-

Other payables

839

2,956

Contingent consideration

441

2,564

 

_______

_______

 

 

 

 

6,229

5,520

 

_______

_______

 

The accruals balance contains accruals for site rates, profit shares and volume rebates, including estimates for such items where necessary.

 

18.  Leases

 

 

 

Restated

 

 

 

2020

2019

 

 

 

£'000

£'000

 

 

 

 

 

 

 

As at 1 January

164,577

99,719

 

 

Additions:

 

 

 

 

  Lease additions

42,465

14,384

 

 

  Lease modification

12,688

1,259

 

 

  Subsidiary acquisition

-

69,400

 

 

Disposals

(2,382)

(766)

 

 

Finance expense

9,641

6,916

 

 

Concessions

(8,306)

-

 

 

Foreign exchange difference

3,497

(1,695)

 

 

Payments

(24,214)

(24,640)

 

 

 

________

________

 

 

 

 

 

 

 

As at 31 December

197,966

164,577

 

 

 

________

________

 

 

 

 

 

 

Current

36,954

24,187

 

Non-current

161,012

140,390

 

 

________

________

 

 

 

 

 

 

197,966

164,577

 

 

________

________

 

The Group entered into a number of new site lease contracts in the year resulting in an increase in the lease liability. Lease modifications were recognised in the year reflecting change in lease terms following negotiations with landlords. The Group has received rent concessions from lessors due to the Group being impacted by COVID-19, including rent forgiveness and rent deferrals. Lease disposals relate to the termination of lease contracts.

 

19.  Deferred tax

 

Deferred tax assets and liabilities at 31 December 2019 have been calculated taking into consideration the applicable rates when the temporary differences are expected to reverse. On 11 March 2020, the UK corporation tax rate was confirmed as being maintained at 19% from 1 April 2020 onwards. This resulted in the UK deferred tax balances being assessed at 19% (2019: 17%).

 

Details of the deferred tax liability, amounts recognised in profit or loss and amounts recognised in other comprehensive income are as follows:

 

 

 

 

 

Charged/

 

 

 

 

(credited)

 

 

 

 

to profit

 

 

Asset

Liability

or loss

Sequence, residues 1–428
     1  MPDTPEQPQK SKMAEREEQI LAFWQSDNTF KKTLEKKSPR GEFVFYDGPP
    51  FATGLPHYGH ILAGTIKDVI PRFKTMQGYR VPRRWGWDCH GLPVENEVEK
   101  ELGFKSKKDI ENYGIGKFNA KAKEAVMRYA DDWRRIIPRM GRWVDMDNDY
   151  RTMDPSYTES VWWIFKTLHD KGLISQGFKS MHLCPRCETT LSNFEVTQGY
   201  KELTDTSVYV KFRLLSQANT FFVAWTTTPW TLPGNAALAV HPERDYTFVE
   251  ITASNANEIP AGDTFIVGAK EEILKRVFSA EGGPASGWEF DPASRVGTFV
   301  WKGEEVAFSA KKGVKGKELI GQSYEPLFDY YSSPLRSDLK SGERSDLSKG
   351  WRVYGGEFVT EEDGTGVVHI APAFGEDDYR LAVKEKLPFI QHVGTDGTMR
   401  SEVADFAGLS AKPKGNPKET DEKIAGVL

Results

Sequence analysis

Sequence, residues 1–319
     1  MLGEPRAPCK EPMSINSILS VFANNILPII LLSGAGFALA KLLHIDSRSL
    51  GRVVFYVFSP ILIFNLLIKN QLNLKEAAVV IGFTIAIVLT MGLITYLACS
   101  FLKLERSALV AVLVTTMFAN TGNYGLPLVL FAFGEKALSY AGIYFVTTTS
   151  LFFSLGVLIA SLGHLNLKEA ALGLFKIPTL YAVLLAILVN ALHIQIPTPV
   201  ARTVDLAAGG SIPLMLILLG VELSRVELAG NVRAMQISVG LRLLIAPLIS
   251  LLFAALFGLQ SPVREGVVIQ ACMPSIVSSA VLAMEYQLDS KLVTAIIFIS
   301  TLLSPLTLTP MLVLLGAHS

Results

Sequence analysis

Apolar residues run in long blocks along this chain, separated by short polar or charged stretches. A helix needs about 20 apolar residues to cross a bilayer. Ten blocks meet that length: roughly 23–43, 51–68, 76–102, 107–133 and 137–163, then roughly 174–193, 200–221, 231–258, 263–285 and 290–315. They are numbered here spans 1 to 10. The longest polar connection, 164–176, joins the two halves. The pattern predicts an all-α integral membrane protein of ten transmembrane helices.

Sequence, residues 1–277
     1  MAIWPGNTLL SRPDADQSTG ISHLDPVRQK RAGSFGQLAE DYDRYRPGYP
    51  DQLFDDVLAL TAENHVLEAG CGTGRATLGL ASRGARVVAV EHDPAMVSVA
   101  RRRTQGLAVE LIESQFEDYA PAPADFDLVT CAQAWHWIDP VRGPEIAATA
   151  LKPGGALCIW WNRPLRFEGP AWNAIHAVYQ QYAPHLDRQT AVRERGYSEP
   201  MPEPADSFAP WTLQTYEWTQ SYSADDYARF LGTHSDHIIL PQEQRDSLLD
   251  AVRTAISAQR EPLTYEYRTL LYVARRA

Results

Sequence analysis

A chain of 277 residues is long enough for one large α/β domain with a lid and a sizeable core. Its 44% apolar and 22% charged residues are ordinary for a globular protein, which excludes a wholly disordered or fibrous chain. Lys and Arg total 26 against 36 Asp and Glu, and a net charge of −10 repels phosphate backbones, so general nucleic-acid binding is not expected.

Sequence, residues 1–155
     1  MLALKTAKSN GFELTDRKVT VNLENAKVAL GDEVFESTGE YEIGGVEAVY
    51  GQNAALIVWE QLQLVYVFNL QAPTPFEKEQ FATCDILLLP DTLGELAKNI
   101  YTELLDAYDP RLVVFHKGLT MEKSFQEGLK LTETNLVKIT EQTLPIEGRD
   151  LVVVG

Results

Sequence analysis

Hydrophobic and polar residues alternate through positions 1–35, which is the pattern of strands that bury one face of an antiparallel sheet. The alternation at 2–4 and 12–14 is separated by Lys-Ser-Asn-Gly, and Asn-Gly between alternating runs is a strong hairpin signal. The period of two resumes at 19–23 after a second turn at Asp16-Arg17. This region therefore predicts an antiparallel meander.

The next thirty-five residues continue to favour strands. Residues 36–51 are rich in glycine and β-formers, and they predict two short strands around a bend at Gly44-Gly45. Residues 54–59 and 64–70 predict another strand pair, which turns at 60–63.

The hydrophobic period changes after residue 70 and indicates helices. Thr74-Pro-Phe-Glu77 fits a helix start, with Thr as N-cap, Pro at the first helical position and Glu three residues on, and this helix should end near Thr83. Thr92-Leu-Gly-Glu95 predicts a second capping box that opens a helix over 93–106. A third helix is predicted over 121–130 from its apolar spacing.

£'000

£'000

£'000

 

 

 

 

 

 

At 1 January 2020

-

37,469

-

 

Reversal of temporary timing differences on business combinations

-

(5,124)

(5,124)

 

Reversal of temporary timing differences on fixed assets

-

(355)

(355)

 

Reclassification and other timing differences

-

(894)

-

 

Adjustment to deferred tax rates

-

2,581

2,581

 

 

_______

_______

_______

 

 

 

 

 

 

At 31 December 2020

-

33,677

(2,898)

 

 

_______

_______

_______

 

 

 

 

 

 

Charged/

 

 

 

 

(credited)

 

 

 

 

to profit

 

 

Asset

Liability

or loss

 

 

£'000

£'000

£'000

 

 

 

 

 

 

At 1 January 2019

-

23,579

-

 

Arising on business combinations

-

16,752

-

 

Reversal of temporary timing differences on business combinations

-

(3,736)

(3,736)

 

Fixed asset and other differences

-

847

-

 

Reversal of temporary timing differences on fixed asset and other differences

-

27

27

 

 

_______

_______

_______

 

 

 

 

 

 

At 31 December 2019

-

37,469

(3,709)

 

 

_______

_______

_______

 

 

 

 

20.  Notes supporting the cash flow

 

Non-cash transactions from financing activities are shown in the reconciliation of liabilities as follows

 

 

 

 

Cash

IFRS 16 Lease liability

 

Bank loan

 

 

Total

 

 

£'000

£'000

£'000

£'000

 

 

 

 

 

 

 

At 1 January 2020

26,917

(164,577)

-

(137,660)

 

Cash flows

3,113

24,214

(4,880)

22,447

 

Non-cash items

 

 

 

 

 

- Bank arrangement fee release

-

-

(43)

(43)

 

- Lease additions

-

(55,153)

-

(55,153)

 

- Disposals

-

2,382

-

2,382

 

- Finance expense

-

(9,641)

(26)

(9,667)

 

- Concessions

-

8,306

-

8,306

 

- Foreign exchange difference

-

(3,497)

-

(3,497)